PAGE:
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iljitsch.com

blog topics: BGP · IPv6 · more · my publications · my business: inet⁶ consult · contact: Twitter · LinkedIn · email · 🇺🇸 🇳🇱

Hi, I'm Iljitsch van Beijnum. Here on iljitsch.com I publish articles and post links about a range of topics.

Also have a look at my business web site inet⁶ consult.

Running an Amiga in the 2020s

I got an Amiga 500, a 1200 and a 3000 within a few years in the early 1990s. I'm not sure what happened with the 500, but I still have the 1200 and the 3000. I've used the Amiga 1200 for quite a bit the past week, which got me thinking: what should I do to prepare my 27-year-old computer for the next decade of her life? Or, more in general, what's appropriate for different kind of Amigas to keep them running for the foreseeable future?

In order to enjoy your Amiga, you have to be realistic in what you can expect from which model, and which upgrades make sense and which don't. In addition, there's three related issues to pay attention to: storage, backup and communication. I'll go over this for all the mainstream Amiga models: 1000, 500, 2000, 3000, 600, 1200 and 4000.

Read the article - posted 2020-09-26

Review: Indivision AGA MK3 for the Amiga 1200

This is a review of the recently released Indivision AGA MK3, which is basically what Amiga people know as a "flicker fixer". More specifically, the Indivision MK3 lets you use pretty much any VGA or HDMI monitor or TV as a display for your Amiga 1200. (It's also available for the A4000T.)

Read the article - posted 2020-09-23

Using a modern monitor with an Amiga 1200 over VGA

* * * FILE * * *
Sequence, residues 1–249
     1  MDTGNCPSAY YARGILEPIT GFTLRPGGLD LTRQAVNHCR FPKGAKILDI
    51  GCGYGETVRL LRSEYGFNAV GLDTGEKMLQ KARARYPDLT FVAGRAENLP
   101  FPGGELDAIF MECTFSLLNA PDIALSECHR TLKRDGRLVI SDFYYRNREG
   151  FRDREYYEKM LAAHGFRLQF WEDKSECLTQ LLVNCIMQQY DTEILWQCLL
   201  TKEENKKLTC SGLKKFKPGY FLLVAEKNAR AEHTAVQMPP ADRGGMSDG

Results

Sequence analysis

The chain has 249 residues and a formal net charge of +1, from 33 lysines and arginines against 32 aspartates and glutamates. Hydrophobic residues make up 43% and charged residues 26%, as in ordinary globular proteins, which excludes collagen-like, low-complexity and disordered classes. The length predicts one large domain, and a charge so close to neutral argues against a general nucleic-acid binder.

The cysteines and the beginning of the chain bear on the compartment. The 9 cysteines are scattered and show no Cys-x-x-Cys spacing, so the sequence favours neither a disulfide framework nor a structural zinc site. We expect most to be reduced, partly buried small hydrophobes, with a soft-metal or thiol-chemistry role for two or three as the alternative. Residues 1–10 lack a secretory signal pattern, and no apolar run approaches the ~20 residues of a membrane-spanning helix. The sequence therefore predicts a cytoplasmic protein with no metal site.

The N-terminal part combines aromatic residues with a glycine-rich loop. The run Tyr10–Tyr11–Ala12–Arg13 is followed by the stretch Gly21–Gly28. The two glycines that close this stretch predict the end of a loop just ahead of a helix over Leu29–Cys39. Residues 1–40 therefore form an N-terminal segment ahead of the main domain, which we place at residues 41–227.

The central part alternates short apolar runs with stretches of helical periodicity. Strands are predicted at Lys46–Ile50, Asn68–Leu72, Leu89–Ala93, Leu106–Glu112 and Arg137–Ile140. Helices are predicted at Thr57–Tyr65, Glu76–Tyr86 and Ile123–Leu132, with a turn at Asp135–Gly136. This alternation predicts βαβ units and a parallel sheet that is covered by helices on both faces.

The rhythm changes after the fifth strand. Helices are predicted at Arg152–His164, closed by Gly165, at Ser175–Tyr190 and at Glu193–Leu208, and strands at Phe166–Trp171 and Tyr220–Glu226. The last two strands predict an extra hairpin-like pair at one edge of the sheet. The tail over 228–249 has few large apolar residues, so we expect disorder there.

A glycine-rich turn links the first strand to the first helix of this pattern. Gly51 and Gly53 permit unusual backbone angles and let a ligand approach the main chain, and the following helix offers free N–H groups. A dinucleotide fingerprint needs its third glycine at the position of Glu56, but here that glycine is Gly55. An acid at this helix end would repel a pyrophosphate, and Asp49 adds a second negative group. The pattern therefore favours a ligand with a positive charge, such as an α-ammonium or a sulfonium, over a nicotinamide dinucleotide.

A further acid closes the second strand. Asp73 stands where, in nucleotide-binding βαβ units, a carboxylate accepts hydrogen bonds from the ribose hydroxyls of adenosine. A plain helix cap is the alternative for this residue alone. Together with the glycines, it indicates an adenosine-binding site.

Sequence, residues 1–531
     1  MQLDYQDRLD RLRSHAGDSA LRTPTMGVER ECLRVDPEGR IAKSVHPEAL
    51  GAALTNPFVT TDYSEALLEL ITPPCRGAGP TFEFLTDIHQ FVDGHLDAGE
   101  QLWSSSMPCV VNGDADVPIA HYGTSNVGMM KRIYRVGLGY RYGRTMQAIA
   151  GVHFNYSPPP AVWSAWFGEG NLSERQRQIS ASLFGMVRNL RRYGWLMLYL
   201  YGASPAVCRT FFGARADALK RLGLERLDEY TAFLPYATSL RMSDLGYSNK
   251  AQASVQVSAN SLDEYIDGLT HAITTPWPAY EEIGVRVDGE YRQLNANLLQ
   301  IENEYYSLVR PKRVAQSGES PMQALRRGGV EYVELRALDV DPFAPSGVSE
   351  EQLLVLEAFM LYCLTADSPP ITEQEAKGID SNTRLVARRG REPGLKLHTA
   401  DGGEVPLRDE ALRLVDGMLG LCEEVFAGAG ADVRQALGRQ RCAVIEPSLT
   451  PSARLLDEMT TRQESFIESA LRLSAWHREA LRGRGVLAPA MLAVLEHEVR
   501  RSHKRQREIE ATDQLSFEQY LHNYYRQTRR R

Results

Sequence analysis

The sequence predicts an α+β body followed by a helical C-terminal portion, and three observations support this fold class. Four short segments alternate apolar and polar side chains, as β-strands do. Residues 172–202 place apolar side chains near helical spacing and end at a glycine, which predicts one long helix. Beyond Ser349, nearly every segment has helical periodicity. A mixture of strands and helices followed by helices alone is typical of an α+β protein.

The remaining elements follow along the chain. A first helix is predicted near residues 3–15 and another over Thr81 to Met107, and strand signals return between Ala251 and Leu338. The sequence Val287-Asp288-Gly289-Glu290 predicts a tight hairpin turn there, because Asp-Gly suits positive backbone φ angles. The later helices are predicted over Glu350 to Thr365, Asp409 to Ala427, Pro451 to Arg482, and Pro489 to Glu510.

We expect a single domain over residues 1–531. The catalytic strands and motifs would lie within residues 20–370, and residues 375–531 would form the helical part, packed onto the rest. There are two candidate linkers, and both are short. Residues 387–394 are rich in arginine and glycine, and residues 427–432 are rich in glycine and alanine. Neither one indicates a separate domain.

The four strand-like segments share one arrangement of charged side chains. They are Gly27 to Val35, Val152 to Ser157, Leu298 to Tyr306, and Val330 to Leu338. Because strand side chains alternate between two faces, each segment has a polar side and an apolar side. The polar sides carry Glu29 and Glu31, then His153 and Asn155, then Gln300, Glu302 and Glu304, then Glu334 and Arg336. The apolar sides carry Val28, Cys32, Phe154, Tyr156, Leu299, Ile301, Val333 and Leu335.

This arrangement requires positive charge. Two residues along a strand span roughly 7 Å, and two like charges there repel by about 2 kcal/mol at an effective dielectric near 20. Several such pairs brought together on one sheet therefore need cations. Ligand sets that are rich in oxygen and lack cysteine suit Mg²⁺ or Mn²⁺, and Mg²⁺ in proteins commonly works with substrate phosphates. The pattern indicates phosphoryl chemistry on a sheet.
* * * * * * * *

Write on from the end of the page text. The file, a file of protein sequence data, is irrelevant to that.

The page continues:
After talking about the complexities involved with connecting older computers to newer displays, I was in the mood for a success story.

This is how I finally figured out how to get a decent looking picture from my Amiga 1200 on a Dell U2312HM monitor using a simple Amiga-to-VGA adapter (or cable).

This is the adapter I'm talking about. It has the Amiga 23-pin video connector on one end and a standard VGA connector at the other end. There's no electronics inside, it really only allows for connecting a VGA cable to the Amiga; it's up to the Amiga to generate a video signal that the monitor will understand.

Read the article - posted 2020-09-16

The evolution of computer display technology

In a previous post, I mentioned that it's hard to connect a Commodore 64 to currently available monitors and TVs. I've also had considerable difficulty hooking up my Amiga 1200 to an LCD monitor and getting a clear picture. Probably more about that in a later post.

So I thought it would be interesting to look at how widely available computers since the late 1970s have sent text and graphics to an external display, and the evolution of those systems.

1980s home computers

Home computers from the 1980s were intended to be used with a TV as their display.

[Rest of the story...]

So as of the second half of the 1990s, all common computer types moved away from TV-based display options towards a common display technology. Then, with the advent of HDTV, TV also made the jump to higher resolutions and digital connections... and now it is again possible to use a TV as a computer display.

Funny how things work out sometimes.

Full article / permalink - posted 2020-09-13

Reviving the C64 (or C128) experience

In this post, I want to look at different ways of running an emulated Commodore 64 (or Commodore 128) and how they compare. The contenders are the THEC64 Mini, a half-size recreation of the C64 powered by an ARM CPU running an emulator, the full-size THEC64 that adds a working keyboard and the VICE emulator running on my MacBook Pro.

Read the article - posted 2020-09-08

→ RecipeConverter

I recently got more interested in cooking, so I started looking for recipes on the internet. Then I found out that in the US, it's customary to list the amounts for many ingredients in teaspoons, tablespoons and cups, in addition to using pounds, pints, quarts and two types of ounces.

So I decided to make this page that will let me (and you) convert between these different measurements and the units the rest of the world understands: milliliters and grams. I wanted to make this easy so you could do it on the go on a phone or a tablet while cooking, hence the sliders rather than having to type in numbers.

This was the first time I used Javascript for a significant amount of functionality, and that was actually relatively easy.

Permalink - posted 2020-09-05

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